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Bilateral robot therapy based on haptics and reinforcement learning: Feasibility study of a new concept for treatment of patients after stroke
OBJECTIVE: To carry out a preliminary feasibility study of a new concept of robot therapy for severely impaired patients after stroke.
DESIGN: A haptic manipulandum connected to a bar that can rotate freely while providing a measure of the rotation angle. The controller combines a bilateral reaching task with the task of balancing the action of the 2 arms. Reinforcement is given to the subject in 2 forms: audio-visual and haptic by means of adaptable force fields.
Patients: Four highly paretic patients with chronic stroke (Fugl-Meyer score less than 15).
METHODS: The training cycle consisted of 5 sessions over a period of 2 weeks. Each session (45 min) was divided in blocks of 10 pairs of forward/backward movements. Performance was determined by evaluating the number of successful movements per session, the session-by-session decrease in the assistive field, the mean reaching time, and the mean stopping field.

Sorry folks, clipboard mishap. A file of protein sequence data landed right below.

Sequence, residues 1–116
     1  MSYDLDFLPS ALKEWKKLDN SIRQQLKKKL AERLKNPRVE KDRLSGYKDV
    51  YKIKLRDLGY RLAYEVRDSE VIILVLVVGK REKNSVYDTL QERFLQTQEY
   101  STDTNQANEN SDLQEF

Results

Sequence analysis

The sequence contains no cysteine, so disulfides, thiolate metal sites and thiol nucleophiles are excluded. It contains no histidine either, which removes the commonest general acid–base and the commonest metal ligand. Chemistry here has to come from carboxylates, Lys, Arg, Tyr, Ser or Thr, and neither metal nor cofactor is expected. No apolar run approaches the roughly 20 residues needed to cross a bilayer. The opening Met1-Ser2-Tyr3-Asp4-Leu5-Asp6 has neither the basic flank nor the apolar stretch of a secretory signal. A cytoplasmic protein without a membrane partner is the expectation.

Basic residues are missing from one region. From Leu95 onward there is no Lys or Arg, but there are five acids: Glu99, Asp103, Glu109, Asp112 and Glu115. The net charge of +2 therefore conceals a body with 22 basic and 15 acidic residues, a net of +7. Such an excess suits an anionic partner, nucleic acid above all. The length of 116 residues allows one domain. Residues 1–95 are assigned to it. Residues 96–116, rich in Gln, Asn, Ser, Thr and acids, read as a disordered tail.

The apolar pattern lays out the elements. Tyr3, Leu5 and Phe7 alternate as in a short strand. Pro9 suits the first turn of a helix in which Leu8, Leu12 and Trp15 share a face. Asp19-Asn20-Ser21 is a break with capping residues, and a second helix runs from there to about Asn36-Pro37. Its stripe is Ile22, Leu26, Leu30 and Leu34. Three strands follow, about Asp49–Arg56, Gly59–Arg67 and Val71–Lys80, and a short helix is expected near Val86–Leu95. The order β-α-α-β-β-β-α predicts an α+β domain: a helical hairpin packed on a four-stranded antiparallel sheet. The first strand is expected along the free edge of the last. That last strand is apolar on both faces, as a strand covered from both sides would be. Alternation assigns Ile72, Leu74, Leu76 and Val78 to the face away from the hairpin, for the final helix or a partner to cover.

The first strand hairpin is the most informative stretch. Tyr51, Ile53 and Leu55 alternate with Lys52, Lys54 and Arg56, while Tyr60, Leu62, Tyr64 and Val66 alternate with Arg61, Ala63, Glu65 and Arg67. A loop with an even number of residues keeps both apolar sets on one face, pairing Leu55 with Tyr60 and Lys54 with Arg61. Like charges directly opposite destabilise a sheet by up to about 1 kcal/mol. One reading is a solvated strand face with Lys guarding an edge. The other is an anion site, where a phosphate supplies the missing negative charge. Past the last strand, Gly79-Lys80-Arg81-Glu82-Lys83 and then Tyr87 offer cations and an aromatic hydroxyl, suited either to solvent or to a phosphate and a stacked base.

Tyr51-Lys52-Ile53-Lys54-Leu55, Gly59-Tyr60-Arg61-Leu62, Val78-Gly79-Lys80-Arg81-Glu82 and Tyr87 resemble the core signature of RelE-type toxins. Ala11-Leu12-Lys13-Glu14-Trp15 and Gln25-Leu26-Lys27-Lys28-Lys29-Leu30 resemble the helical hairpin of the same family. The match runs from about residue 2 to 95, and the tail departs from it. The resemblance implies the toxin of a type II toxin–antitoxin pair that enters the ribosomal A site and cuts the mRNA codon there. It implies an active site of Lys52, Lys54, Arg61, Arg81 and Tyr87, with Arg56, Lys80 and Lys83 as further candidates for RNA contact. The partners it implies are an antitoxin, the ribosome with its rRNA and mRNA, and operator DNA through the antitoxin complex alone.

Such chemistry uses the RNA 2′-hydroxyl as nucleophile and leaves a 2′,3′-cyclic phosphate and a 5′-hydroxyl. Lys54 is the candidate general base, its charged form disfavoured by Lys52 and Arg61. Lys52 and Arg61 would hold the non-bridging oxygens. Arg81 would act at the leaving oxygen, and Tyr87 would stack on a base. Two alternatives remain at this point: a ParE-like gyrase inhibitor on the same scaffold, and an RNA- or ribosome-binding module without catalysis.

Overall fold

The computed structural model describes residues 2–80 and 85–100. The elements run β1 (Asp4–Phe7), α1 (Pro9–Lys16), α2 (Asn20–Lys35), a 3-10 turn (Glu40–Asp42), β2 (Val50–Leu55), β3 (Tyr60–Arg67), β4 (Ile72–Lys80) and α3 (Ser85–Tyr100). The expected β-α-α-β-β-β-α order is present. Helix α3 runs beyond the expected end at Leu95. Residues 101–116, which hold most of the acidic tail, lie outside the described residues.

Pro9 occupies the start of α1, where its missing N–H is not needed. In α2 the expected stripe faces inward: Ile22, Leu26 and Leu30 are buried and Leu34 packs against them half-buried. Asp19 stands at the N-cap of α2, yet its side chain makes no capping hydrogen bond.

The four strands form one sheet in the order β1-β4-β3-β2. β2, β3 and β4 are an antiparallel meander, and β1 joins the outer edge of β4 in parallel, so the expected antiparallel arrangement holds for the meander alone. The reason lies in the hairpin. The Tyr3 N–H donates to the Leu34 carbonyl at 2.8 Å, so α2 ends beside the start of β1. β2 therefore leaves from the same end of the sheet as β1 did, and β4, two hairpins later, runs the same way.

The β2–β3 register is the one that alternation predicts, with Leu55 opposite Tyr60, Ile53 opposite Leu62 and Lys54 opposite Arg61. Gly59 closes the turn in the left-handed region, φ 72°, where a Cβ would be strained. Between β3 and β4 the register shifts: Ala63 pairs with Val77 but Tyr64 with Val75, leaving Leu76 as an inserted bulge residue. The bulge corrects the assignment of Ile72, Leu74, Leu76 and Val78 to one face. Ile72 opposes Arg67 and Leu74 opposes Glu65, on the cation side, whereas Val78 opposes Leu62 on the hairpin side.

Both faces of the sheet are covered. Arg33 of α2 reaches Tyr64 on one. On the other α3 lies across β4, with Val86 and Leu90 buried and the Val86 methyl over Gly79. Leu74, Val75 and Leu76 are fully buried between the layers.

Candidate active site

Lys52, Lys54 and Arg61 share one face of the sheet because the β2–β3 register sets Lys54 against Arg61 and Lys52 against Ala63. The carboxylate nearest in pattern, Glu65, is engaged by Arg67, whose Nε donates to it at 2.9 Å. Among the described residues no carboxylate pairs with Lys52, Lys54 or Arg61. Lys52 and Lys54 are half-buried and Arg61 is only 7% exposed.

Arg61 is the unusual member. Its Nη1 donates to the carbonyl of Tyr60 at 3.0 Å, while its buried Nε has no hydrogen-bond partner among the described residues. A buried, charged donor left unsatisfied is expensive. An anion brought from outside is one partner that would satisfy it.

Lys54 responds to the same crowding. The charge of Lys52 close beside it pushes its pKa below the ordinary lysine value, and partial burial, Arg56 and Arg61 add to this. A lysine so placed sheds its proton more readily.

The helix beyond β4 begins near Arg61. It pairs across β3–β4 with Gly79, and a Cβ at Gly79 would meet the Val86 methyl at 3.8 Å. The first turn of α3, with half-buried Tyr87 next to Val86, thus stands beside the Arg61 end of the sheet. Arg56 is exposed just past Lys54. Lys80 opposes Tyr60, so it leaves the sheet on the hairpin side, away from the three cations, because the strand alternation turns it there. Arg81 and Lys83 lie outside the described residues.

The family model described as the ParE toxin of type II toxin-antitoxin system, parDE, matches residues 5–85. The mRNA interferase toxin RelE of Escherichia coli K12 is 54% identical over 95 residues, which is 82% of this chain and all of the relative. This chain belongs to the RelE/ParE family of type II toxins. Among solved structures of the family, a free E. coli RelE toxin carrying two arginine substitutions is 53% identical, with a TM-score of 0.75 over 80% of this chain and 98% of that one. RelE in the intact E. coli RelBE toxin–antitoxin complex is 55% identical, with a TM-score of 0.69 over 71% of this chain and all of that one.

RESULTS: All subjects could understand the task, appreciated it and improved their performance during training. The reaching movements became smoother and quicker; balance errors and the magnitude of the resisting field were consistently reduced.
CONCLUSION: Bilateral robot therapy is a promising technique, provided that it self-adapts to the patient’s performance. Formal clinical trials should address this point.
Valentina Squeri, Maura Casadio, Elena Vergaro, Psiche Giannoni , Pietro Morasso, Vittorio Sanguineti
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